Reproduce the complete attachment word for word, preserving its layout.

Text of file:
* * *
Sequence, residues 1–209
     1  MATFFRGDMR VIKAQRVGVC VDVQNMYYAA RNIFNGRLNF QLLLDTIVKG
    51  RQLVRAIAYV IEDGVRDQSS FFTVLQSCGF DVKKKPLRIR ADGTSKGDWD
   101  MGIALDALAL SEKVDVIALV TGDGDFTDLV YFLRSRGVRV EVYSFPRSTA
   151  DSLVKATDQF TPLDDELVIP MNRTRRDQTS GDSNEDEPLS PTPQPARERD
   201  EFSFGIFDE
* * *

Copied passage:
Sequence, residues 1–209
     1  MATFFRGDMR VIKAQRVGVC VDVQNMYYAA RNIFNGRLNF QLLLDTIVKG
    51  RQLVRAIAYV IEDGVRDQSS FFTVLQSCGF DVKKKPLRIR ADGTSKGDWD
   101  MGIALDALAL SEKVDVIALV TGDGDFTDLV YFLRSRGVRV EVYSFPRSTA
   151  DSLVKATDQF TPLDDELVIP MNRTRRDQTS GDSNEDEPLS PTPQPARERD
   201  EFSFGIFDE